Open since 2016, Nilda's bills itself as the only lechon purveyor in northern Italy. Co-owner Adrian Dela Cruz, who shares ownership with his parents Nilda and Andy, says his customers drive from as far as Rome, Florence and Venice to secure their charcoal-roasted pigs — before travel in and out of the northern region was banned.
Milan, near the Swiss border, has been locked down longer than the country as a whole. On March 7, the government placed a travel ban on the northern region, restricting all movement in and out except for family or work emergencies. But by then the virus had already reached further south.
Nilda's chose to close a day before the decree. "It was for the safety of me and our family and our workers, but also for our customers," Adrian says. "We wanted to avoid getting in contact with this virus." Business had been brisk before the closure, but Nilda's customers — 90 percent of whom are Filipino, Adrian estimates — were getting anxious. He says that the Filipino community in Italy was affected by a distrust of Asians in general as the virus began to spread from China.
"In the first days, when the coronavirus started to scare people, there was … weird and racist behavior against Asians," says Adrian, who moved to Italy with his family when he was 9 years old. "Many videos were posted on Facebook and on the news where Filipino people were insulted by Italians for no reason. And this shocked the Filipino community a little bit, because in all of the years that I'm here, I never saw such behavior from Italians against us."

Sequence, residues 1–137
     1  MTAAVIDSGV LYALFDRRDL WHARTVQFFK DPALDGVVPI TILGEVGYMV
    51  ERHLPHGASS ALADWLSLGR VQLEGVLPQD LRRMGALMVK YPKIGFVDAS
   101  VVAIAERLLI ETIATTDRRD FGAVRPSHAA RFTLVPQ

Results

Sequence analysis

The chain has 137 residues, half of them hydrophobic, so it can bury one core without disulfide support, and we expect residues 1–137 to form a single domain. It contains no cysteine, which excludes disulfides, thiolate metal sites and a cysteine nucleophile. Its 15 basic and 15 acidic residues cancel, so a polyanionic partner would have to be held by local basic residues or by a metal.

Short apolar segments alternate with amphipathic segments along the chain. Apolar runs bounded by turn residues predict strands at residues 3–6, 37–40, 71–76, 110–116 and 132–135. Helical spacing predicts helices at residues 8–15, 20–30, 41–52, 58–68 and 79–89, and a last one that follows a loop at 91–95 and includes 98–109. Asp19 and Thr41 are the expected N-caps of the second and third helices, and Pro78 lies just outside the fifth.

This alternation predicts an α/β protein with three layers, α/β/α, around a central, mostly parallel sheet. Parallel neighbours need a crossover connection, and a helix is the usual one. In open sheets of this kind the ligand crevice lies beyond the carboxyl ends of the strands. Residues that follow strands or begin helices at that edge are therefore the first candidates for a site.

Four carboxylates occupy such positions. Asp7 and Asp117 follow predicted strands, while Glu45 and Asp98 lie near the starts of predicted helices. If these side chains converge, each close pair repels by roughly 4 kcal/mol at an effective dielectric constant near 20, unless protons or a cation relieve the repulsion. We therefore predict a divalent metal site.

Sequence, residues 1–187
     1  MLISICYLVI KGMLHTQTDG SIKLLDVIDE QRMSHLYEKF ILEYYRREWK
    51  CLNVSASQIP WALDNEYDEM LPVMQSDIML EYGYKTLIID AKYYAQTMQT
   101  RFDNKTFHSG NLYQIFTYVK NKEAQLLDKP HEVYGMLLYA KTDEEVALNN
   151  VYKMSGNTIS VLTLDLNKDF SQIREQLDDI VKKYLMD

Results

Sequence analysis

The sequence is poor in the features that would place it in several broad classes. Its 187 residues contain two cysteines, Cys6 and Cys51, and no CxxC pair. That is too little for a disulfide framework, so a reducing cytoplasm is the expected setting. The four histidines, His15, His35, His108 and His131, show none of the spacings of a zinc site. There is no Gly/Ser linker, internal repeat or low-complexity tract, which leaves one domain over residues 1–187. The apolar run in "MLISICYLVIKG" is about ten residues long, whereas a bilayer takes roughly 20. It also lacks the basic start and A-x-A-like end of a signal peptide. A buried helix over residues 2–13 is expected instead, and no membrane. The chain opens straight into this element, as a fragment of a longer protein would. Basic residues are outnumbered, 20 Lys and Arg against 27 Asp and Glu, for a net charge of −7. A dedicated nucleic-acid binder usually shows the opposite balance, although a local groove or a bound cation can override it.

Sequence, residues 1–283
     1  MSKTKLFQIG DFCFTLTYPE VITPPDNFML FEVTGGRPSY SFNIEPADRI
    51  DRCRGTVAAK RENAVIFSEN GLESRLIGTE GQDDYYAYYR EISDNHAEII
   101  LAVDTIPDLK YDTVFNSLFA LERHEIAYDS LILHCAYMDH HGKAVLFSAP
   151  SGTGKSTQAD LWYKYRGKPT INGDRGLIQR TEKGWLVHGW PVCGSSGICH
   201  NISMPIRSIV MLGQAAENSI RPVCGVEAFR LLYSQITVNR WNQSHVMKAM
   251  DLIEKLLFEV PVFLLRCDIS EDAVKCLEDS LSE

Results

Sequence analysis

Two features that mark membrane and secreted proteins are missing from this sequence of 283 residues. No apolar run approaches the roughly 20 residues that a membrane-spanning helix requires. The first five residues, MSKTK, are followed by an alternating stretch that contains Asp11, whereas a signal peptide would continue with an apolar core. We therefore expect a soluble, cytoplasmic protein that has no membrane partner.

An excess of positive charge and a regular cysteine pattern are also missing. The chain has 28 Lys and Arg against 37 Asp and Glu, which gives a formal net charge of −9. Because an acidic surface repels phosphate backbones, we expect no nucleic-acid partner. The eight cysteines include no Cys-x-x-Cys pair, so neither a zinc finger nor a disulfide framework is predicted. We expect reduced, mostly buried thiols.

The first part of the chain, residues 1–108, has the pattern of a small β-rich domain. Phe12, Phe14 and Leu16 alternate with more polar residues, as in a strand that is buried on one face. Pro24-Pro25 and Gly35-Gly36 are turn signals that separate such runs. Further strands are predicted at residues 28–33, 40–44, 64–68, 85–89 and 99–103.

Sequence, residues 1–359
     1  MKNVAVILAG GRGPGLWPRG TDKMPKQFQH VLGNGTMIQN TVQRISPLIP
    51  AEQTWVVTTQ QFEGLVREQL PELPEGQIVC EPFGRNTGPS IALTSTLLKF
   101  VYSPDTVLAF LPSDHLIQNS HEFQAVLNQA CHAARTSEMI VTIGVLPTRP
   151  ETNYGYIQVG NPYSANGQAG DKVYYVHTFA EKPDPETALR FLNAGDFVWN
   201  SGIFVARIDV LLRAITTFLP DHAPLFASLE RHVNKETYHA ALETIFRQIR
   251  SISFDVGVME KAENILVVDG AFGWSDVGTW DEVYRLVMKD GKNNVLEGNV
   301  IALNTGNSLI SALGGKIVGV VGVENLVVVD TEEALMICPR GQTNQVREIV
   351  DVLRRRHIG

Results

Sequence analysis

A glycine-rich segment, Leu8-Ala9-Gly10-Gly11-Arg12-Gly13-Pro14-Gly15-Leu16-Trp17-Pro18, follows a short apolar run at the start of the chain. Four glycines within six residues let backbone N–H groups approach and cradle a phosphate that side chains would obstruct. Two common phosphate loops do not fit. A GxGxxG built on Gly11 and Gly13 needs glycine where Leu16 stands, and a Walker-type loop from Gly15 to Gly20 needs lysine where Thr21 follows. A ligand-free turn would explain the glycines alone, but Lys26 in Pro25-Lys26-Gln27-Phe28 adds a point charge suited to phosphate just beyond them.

By the middle of March, the racist sentiment against Asians seemed to have been subsumed into more fundamental worries in Milan. "There used to be a lot of people walking around, and cars coming and going, but these days it's practically empty," Adrian says. "It's very rare to see cars, apart from some ambulances passing." Even pedestrians were sometimes stopped by the police, unless they had a reason to leave their homes, such as a dog to walk. (Adrian is grateful for his own dog.)
"I hope that they can find a solution to this virus so that we and everyone can get back to normality, to a normal life," he says. "It is still going to take some time, I think."
Nilda's Lechon is located at Via Palmanova, 60, 20132 Milano MI, Italy.
+39 327 874 0295